Executives from food and drink firms including Coca-Cola, Nestlé and Kraft Foods continued talks on their role in global health at a meeting with the World Health Organisation (WHO) last week.
The WHO is campaigning to improve the worsening statistics on chronic disease around the world, for which diet is often at least partly responsible.
The meeting held in Echenevex, France, on 17 July, followed up on roundtable talks in May between former WHO director-general, Dr Gro Harlem Brundtland, and CEOs and senior executives.
The WHO wants the food and drink industry to promote healthy diets by reducing fats, sugar and salt in their goods, although it seems that the threat of legal proceedings may be responsible for recent industry announcements promoting the healthiness of their foods rather than a direct reply to health organisations.
The focus on the food industry's role in public health has certainly grown in recent months, particularly in the US, with class actions against firms such as fast food giant McDonalds holding the company responsible for dangerous levels of obesity in customers.
New labelling regulation on trans fats, thought to contribute to risk for heart disease, has seen many multinational food makers act to promote foods without the ingredient, or claim that they are reducing their use of trans fats, although some also attribute this to the threat of legal action.
In any case, the WHO seems determined to press ahead with its agenda, and is currently preparing a Global Strategy on Diet, Physical Activity and Health for presentation to World Health Assembly in May 2004. A draft version of the report caused heated industry response when it was released earlier this year, and the final strategy is unlikely to have changed much.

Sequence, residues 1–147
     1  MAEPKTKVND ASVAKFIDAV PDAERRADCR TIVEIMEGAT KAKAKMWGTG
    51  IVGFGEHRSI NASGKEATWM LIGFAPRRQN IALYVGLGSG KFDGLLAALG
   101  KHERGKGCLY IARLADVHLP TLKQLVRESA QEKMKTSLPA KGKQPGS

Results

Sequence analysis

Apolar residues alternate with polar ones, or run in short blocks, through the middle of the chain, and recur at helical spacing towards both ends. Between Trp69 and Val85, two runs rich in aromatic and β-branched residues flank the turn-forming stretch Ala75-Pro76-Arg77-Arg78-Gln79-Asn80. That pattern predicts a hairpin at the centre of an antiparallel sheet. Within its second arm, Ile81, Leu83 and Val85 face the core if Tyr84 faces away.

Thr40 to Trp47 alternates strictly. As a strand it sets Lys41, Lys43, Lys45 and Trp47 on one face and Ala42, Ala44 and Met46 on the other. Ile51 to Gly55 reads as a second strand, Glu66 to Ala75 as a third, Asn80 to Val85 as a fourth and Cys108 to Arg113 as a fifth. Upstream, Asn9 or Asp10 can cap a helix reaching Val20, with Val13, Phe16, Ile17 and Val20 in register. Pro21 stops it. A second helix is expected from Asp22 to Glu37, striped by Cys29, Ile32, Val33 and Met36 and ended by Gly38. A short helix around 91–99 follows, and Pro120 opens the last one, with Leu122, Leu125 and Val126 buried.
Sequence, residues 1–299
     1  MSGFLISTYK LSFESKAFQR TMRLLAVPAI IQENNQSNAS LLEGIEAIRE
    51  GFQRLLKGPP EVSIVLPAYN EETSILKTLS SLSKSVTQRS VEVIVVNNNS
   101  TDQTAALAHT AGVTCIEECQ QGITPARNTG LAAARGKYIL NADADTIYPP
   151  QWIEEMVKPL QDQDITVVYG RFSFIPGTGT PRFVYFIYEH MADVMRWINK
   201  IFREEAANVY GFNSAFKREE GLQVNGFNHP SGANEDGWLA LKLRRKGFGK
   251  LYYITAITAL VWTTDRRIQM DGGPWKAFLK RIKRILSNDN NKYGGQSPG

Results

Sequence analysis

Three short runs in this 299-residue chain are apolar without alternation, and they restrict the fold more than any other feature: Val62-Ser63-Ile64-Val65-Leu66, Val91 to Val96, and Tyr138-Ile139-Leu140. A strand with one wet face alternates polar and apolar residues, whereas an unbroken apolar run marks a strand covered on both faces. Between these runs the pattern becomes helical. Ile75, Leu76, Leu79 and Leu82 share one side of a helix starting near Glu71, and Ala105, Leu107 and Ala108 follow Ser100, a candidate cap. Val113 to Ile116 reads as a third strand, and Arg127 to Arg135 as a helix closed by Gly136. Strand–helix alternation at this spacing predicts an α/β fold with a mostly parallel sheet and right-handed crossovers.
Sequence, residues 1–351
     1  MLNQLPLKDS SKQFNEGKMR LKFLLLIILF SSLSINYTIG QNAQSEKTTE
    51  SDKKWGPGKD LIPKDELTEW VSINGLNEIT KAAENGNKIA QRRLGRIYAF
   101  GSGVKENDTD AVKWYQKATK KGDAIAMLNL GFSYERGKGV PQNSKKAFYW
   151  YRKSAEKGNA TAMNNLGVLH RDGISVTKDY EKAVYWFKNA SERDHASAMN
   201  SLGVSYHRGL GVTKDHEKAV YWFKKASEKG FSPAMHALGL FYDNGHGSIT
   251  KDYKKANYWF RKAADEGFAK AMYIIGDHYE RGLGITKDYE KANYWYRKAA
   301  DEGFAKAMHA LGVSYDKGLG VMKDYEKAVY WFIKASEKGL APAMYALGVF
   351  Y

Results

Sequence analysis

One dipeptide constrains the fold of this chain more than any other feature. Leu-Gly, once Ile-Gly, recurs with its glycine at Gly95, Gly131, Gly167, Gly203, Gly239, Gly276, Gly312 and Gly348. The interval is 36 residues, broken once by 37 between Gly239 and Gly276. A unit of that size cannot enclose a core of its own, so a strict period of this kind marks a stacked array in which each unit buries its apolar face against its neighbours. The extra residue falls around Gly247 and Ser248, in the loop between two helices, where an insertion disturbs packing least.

Marketing and advertising issues are also under scrutiny, with representatives from Cadbury Schweppes, the Coca-Cola Company, the Confederation Food & Drink Industries, Kraft Foods, McDonald's Europe, Masterfoods, Nestlé, Novartis Consumer Health (Infant/Baby), PepsiCo, Procter and Gamble, Royal Ahold and Unilever discussing these concerns at the recent meeting.
Strict health claims regulations soon to come into force in Europe are likely to give the WHO further support for its health strategy, although across the Atlantic it seems that this area has become more flexible. The WHO does, however, note that the majority of chronic disease problems now occur in developing countries.
Cardiovascular disease, cancers, diabetes, respiratory disease, obesity and other non-communicable conditions account for 59 per cent of the 56.5 million global deaths annually, and almost half, or 45.9 per cent, of the global burden of disease, according to WHO figures.